IN the past few years numerical analysts have come to realize that linear stability theory cannot be applied to nonlinear systems. One cannot say that the Jacobian represents the local behaviour of the solutions except at a fixed point. This had not previously been appreciated in numerical analysis, and there was a tendency to believe that looking at the Jacobian at one point as a constant, the solutions nearby would behave like the linearized system produced from this `frozen' Jacobian. Numerical analysts have now recognized the failings of linear stability theory when applied to nonlinear systems, and have constructed a new theory of nonlinear stability.
The theory looks at systems that have a property termed contractivity; if and are any two solutions of the system satisfying different initial conditions, then if
for all , where , the system is said to be contractive. An analogous definition may be framed for a discrete system; if
the discrete system is said to be contractive. Now we must define another property of the system which numerical analysts have termed dissipativity. Since we have already used this word in dynamics, we shall call this new property NA-dissipativity (numerico-analytic dissipativity). The system is said to be NA-dissipative in if
where is an inner product, holds for all y, in and for , where is the domain of regarded as a function of y. NA-dissipativity can be shown to imply contractivity. We needed to define NA-dissipativity because we can obtain a usable test for it; a system is NA-dissipative if
where is the logarithmic norm of the Jacobian . If , are the eigenvalues of , Eq.(75) can be shown to be equivalent to
We now have a practical sufficient condition for contractivity.
We further define: if a Runge--Kutta method applied with any step length to a NA-dissipative autonomous system is contractive, then the method is said to be B-stable. If we have the same situation with a nonautonomous system, then the method is said to be BN-stable. A sufficient condition for both of these properties is given by algebraic stability. A Runge--Kutta method is said to be algebraically stable if and are both nonnegative definite. and here come from Eq.(11), the Butcher array of the Runge--Kutta method. Algebraic stability implies A-stability, but the reverse is not true.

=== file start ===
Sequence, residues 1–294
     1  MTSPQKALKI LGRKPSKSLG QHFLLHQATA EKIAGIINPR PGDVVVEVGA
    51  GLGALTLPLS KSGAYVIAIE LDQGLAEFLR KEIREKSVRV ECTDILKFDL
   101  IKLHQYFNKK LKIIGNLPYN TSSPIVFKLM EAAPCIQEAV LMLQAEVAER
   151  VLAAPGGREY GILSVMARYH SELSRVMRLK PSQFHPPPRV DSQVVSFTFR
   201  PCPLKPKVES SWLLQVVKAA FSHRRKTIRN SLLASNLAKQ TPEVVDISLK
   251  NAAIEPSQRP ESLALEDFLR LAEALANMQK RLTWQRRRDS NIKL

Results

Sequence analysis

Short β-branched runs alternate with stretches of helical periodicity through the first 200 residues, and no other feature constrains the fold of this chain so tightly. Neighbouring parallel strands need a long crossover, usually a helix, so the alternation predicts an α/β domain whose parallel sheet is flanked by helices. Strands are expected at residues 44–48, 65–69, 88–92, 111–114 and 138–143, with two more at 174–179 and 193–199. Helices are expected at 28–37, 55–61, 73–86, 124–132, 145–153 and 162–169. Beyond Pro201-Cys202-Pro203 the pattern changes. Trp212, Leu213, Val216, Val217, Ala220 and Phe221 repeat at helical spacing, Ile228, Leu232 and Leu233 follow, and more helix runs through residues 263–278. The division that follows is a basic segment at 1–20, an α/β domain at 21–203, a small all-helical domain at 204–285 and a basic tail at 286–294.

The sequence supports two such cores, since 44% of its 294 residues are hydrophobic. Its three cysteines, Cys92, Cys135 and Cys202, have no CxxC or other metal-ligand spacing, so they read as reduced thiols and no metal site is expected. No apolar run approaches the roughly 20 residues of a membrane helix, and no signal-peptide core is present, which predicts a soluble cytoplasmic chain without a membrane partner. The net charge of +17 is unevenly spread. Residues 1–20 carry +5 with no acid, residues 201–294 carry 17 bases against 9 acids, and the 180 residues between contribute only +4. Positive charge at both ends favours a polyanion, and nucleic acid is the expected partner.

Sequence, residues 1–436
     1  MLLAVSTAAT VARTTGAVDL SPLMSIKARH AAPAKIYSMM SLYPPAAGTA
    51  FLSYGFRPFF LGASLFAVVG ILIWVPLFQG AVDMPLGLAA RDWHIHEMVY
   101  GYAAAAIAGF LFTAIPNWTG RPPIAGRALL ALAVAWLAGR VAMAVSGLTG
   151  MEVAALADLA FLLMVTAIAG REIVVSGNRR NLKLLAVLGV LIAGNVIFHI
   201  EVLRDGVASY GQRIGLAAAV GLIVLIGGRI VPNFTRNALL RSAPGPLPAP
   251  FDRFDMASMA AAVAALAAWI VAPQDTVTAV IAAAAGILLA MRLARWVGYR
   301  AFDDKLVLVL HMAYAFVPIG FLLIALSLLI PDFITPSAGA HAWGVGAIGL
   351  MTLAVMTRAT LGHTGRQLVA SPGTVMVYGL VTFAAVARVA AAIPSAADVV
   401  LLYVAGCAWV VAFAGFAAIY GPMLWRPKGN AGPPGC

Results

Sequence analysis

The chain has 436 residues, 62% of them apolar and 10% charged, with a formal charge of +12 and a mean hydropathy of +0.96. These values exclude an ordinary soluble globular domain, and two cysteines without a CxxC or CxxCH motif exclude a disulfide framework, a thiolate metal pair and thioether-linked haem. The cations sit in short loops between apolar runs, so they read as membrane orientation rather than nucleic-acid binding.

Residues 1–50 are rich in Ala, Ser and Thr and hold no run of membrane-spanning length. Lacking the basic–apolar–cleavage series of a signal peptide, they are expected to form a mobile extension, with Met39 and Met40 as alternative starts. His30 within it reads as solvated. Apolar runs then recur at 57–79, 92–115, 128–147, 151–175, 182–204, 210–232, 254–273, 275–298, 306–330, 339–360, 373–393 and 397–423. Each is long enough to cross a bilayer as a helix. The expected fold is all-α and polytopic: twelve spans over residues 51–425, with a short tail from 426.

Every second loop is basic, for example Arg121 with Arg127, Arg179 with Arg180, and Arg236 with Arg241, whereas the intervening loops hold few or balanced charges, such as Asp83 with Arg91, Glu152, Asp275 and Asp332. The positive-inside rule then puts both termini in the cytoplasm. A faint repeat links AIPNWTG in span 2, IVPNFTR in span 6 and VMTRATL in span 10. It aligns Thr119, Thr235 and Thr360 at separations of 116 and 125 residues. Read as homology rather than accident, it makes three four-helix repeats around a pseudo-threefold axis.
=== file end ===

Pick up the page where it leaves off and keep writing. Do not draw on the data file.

Let us look at this theory from a dynamics viewpoint. The problem is that contractivity is a very severe requirement to impose; in fact it precludes the possibility of chaos occurring in the system. Is is easy to see that this must be so, since chaos demands that neighbouring trajectories be divergent, whereas contractivity demands that they be convergent. We show in Appendix A.2 that contractivity is sufficient to give nonpositive Lyapunov exponents; positive Lyapunov exponents are a necessary condition for chaos to occur. Unfortunately then, one can only investigate the stability of contractive, nonchaotic systems with the nonlinear stability theory as it stands. However, as we have remarked previously, practical numerical codes do not use any stability theory to evaluate their accuracy, so this is a theoretical, rather than a practical, problem. It should be pointed out that what numerical analysts call dissipativity, what we have termed NA-dissipativity, is a much stronger requirement even than strict dissipativity () in dynamics. The latter merely requires that , whereas the former insists that ( being the Lyapunov exponents of the system).